Family and Child Protection:
recognizing family violence and child abuse and neglect as a public health issue, WBFO implements a cross-sectorial, multidisciplinary, community-based family and child protection programme, to slot in with the emerging national system for family and child protection. The programme, currently implemented in 15 refugee camps and one village, integrates family and child protection within UNRWA’s health services. It also mobilizes the community as a primary prevention and response mechanism. Initial findings suggest that this integration is improving the effectiveness of prevention and response measures thanks to the strengthening of trust between health care providers, victims of abuse and their communities. Sexual and reproductive health and rights promotion is also changing attitudes about family and child violence by sensitizing the community.
Emergency preparedness and response
The Occupied Palestinian Territory
The humanitarian crisis continues in the occupied Palestinian territories, with intermittent violence, displacement, movement restrictions and intimidation.
In 2011, UNRWA reported a total of 280 access incidents involving its staff, including doctors and nurses. Of the 271 communities in Area C, 22% faced difficulties in accessing health services due to road detours, road barriers and costs of transportation. Obstacles to obtaining building permits hindered appropriate maintenance and expansion of the health infrastructure. Movement restrictions also prevented Palestinians from accessing six Palestinian NGO hospitals in East Jerusalem. The hospitals are the main providers of specialized care for the occupied Palestinian territory. In the face of these challenges, UNRWA continued to provide health services to marginalized communities through five mobile health clinics, a community mental health program, and provided financial support to enable access to hospital care.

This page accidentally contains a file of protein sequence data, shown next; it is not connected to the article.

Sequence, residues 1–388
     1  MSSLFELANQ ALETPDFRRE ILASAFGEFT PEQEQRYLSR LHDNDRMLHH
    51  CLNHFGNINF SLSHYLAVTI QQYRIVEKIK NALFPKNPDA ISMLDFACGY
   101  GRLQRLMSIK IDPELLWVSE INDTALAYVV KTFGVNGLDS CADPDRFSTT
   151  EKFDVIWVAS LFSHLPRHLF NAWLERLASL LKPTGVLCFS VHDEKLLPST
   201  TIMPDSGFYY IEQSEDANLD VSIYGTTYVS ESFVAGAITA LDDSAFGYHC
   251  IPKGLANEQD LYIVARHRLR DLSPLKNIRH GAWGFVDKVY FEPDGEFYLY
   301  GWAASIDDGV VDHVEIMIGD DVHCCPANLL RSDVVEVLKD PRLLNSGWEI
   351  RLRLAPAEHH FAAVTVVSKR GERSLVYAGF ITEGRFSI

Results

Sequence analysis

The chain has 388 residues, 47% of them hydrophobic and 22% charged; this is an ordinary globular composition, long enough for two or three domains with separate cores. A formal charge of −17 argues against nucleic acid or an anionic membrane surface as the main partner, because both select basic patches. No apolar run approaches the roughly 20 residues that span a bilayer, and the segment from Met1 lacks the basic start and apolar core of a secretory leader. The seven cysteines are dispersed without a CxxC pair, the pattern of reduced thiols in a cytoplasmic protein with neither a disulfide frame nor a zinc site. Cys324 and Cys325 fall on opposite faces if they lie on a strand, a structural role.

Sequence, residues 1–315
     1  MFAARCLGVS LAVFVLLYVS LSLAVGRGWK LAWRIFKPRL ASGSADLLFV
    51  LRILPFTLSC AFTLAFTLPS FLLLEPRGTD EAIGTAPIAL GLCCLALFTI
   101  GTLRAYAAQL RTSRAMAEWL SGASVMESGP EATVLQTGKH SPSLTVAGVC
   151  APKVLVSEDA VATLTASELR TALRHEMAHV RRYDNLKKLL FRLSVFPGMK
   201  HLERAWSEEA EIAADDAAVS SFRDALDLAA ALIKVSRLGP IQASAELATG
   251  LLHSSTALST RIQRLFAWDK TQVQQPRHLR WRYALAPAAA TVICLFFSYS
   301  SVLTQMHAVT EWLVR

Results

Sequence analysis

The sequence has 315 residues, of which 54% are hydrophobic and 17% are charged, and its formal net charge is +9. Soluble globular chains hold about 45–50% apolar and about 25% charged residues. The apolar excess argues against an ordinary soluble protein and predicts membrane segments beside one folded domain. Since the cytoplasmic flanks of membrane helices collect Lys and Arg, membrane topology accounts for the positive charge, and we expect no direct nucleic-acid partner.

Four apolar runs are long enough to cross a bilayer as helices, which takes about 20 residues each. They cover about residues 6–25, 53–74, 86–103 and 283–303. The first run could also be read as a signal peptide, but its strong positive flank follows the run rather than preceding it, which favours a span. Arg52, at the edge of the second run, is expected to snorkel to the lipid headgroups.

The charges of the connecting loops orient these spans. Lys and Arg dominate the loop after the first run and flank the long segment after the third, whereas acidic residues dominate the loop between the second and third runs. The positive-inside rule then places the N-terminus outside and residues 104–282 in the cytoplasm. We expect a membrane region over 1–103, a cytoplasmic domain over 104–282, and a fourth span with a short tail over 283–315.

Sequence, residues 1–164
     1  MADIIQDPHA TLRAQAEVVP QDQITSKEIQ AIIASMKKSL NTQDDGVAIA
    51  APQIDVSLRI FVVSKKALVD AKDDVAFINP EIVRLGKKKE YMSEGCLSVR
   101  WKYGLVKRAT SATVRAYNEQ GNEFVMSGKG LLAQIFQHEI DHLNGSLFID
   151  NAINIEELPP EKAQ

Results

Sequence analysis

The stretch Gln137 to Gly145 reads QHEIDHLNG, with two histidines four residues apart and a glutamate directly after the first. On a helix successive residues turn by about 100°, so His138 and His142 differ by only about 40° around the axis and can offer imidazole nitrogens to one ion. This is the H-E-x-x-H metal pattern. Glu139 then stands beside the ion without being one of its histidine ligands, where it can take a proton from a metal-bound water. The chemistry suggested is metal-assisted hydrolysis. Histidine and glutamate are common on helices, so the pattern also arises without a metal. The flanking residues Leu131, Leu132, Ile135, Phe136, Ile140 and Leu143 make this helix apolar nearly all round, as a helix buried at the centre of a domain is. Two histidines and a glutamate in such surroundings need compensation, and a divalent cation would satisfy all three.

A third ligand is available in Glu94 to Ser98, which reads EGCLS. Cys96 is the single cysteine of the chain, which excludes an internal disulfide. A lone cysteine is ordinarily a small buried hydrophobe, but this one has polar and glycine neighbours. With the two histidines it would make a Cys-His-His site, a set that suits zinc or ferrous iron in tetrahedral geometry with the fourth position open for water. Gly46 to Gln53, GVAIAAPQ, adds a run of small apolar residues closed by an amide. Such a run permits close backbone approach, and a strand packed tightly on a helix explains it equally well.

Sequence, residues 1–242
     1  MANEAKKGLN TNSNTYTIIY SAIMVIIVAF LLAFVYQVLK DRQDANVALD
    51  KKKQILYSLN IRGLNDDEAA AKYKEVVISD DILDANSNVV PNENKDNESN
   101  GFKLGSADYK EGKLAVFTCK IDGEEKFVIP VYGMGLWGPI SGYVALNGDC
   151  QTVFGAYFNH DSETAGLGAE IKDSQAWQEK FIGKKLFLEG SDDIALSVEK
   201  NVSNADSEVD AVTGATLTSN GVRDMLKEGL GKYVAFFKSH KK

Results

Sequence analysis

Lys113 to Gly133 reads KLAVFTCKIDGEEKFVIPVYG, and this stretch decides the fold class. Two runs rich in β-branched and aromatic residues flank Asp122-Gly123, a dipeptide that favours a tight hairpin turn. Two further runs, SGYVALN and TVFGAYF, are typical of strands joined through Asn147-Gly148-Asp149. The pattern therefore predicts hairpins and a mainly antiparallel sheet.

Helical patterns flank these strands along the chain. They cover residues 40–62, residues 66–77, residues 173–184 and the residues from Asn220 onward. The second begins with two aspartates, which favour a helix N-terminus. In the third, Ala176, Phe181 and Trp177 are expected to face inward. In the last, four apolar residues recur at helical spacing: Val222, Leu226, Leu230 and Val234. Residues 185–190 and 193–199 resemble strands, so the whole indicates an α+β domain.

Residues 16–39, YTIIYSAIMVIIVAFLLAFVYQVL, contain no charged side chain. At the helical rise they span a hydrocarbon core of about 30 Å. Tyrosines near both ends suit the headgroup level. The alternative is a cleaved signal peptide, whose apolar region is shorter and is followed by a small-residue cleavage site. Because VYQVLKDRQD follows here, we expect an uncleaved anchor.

The blockade on the Gaza Strip continues to erode the quality of medical services in the area. Electricity cuts restrict medical treatment and construction and rehabilitation of health infrastructure is limited. There are on-going shortages of medicines in Palestinian Authority health facilities, for example, a cancer patient in the Gaza Strip can only expect to find half of the drugs required by chemotherapy protocols7. Patients referred for treatment abroad experience delays in obtaining permits to exit the Gaza Strip and this can at times result in death. As a result of their living conditions, Gazans experience significant mental stress. Almost a quarter of the patients assisted through UNRWA’s community mental health services in the Gaza Strip during 2011 were children with bedwetting, a frequent symptom of psychological trauma. UNRWA provides Primary Health Care to over 85% of the population of the Gaza Strip through 21 health centres, while also ensuring emergency preparedness through training of staff and prepositioning of essential medical supplies.